Posts Tagged ‘American Academy of Pediatrics’

Share a room with your baby, not a bed

Although sharing a bed with your infant can be common, sound research recommends against it. The American Academy of Pediatrics (AAP) recommends infants and their parents share a room, but not a bed. The AAP updated their policy statement on “Sudden Infant Death (SIDS) and Other Sleep-Related Infant Deaths” in 2011 with specific recommendations that infants sleep on their own sleeping surface. Having an infant sleep in a crib or bassinet decreases the risk of SIDS … Read More

Early signs of autism are hard to detect; Latino children diagnosed less often, later

Autism Spectrum Disorders, or ASDs, are a type of developmental disability that begins in early childhood. ASDs are relatively common, affecting as many as one in 50 children. As pediatricians, we know that identifying children with ASDs early in life is important. The treatment for autism is behavioral therapy, and the sooner that children with ASD starts therapy, the better their functioning will be later in life. Early diagnosis is important, but the early signs … Read More

Of toddlers, tablets, apps and naps: thoughts on parenting the touch-screen generation

According to a recent Pew Research Center report, one-third of Americans own tablet computers and over half own smartphones. This means a lot of children have access to these devices — they rest in purses, diaper bags, on the dinner table and desk — often temptingly within reach. These touch-screen devices are astoundingly practical: filled with direction-givers, dictionaries, cameras to record tender family times, and offer worlds of apps and videos — things that enthrall … Read More

Why should my newborn get the hepatitis B vaccine?

What is hepatitis B? Hepatitis B is a liver disease caused by the hepatitis B virus. It is spread when a person comes in contact with the blood or bodily fluids of an infected person. The virus can enter the body through cuts or bites on the skin or through unprotected sex with an infected person. Newborns can get hepatitis B during birth if the mother is infected. However, many people who get the virus … Read More

All children should be screened for high cholesterol between ages 9 and 11

Chances are the next time you bring your child in for a wellness check, your pediatrician will talk to you about cholesterol. While pediatricians have been checking cholesterol in children with a family history of heart problems for many years, the American Academy of Pediatrics recommends that all children be screened for high cholesterol between the ages of 9 and 11 and again between 17 and 21. These recommendations refelect the understanding that too much cholesterol … Read More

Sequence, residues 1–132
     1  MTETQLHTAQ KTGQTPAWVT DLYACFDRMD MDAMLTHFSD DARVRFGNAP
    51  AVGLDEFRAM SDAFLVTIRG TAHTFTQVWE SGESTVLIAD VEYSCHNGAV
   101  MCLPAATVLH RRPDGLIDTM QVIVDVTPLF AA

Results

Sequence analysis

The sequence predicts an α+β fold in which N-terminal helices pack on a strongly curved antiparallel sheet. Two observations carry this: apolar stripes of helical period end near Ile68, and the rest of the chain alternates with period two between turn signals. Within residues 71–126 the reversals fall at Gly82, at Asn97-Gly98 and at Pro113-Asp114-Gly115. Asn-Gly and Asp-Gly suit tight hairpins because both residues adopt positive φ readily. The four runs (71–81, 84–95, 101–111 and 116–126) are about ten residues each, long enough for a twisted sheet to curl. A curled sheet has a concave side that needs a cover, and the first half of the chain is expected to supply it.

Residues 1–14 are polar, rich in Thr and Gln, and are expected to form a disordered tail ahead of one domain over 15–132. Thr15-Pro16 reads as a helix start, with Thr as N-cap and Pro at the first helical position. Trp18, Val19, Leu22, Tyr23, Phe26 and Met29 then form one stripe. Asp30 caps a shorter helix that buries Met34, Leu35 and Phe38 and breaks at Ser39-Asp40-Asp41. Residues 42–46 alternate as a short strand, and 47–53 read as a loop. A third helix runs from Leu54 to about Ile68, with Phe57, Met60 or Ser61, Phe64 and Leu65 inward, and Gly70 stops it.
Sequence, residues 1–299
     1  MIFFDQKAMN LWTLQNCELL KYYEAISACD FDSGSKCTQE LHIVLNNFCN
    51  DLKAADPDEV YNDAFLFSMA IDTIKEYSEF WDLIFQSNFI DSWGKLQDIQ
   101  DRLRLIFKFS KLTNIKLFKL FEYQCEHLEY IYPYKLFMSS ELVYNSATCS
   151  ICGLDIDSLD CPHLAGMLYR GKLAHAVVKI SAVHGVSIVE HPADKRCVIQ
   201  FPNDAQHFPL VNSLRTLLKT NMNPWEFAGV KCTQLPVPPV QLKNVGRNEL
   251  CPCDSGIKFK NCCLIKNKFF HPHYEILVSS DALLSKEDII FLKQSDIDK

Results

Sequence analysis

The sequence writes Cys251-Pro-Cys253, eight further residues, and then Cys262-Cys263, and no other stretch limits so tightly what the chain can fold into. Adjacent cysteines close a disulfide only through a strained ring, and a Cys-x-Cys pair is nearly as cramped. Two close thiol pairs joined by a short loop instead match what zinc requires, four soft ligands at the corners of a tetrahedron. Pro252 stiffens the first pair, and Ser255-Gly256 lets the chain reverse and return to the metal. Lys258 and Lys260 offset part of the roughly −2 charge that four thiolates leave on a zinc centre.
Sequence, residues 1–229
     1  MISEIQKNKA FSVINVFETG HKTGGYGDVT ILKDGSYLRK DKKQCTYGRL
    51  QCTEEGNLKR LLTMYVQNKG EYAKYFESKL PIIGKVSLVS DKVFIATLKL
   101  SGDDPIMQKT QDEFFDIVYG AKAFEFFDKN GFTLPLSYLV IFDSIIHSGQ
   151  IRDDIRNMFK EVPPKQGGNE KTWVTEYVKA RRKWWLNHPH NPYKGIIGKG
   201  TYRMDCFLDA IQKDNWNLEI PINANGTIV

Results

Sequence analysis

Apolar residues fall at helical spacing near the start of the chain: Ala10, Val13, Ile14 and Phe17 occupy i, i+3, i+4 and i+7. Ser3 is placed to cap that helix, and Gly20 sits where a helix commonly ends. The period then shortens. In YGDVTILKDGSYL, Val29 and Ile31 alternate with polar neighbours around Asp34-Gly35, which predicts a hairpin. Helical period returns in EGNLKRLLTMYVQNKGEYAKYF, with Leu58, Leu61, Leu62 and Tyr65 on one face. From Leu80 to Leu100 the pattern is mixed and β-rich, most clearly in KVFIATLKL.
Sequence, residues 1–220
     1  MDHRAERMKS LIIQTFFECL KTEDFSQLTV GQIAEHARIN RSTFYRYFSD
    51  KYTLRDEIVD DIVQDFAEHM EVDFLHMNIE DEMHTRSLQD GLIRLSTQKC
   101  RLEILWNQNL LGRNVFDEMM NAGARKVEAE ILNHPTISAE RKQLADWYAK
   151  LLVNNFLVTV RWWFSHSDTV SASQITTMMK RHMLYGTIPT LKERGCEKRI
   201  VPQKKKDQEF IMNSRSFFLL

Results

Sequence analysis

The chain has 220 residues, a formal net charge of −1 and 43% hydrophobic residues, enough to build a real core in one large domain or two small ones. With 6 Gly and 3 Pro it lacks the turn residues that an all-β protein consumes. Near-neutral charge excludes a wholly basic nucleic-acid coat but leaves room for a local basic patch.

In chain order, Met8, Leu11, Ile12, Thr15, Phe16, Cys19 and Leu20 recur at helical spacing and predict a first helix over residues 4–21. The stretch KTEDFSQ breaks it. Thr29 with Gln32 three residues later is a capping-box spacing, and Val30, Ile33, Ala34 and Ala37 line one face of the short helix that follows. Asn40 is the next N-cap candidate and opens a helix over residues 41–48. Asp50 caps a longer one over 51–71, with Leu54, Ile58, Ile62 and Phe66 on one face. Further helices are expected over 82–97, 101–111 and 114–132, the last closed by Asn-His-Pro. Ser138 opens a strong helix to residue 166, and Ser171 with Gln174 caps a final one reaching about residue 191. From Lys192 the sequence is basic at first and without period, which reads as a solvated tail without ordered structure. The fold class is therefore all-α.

If education is ‘the lighting of a fire,’ my pediatrics education has ‘burnt me to a crisp’!

Every day as I entered the doors to my medical school’s primary lecture hall, I passed a plaque on the wall displaying a quote attributed to William Butler Yeats. Apparently, there is some contention about whether the famous Irish literary figure actually coined the following phrase, but it remains a powerful statement for both learners and teachers. Printed on that plaque were the words, “Education is not the filling of a pail, but the lighting … Read More

Vitamin D helps your newborn build healthy bones

What is vitamin D? Vitamin D is an essential nutrient found naturally in some foods and produced in our skin in the presence of sunlight. It helps the body absorb calcium and phosphorus and also is important for healthy bones, nerves, muscles and immune system function. What are some sources vitamin D? Vitamin D is found naturally in cod liver oil, liver, organ meats, egg yolk and oily fish. Most people do not consume enough … Read More

Why does my newborn need a vitamin K shot?

Vitamin K deficiency bleeding recently made the news when four cases of late bleeding were reported in healthy newborns in Nashville, Tenn. All parents had declined vitamin K, and their infants were reported to be developing normally until sudden bleeding occurred between 6 and 15 weeks.  During my first year as a pediatric resident, I had the opportunity to work in the OHSU Mother-Baby Unit. It was fun and incredibly fulfilling to be the first medical provider for … Read More

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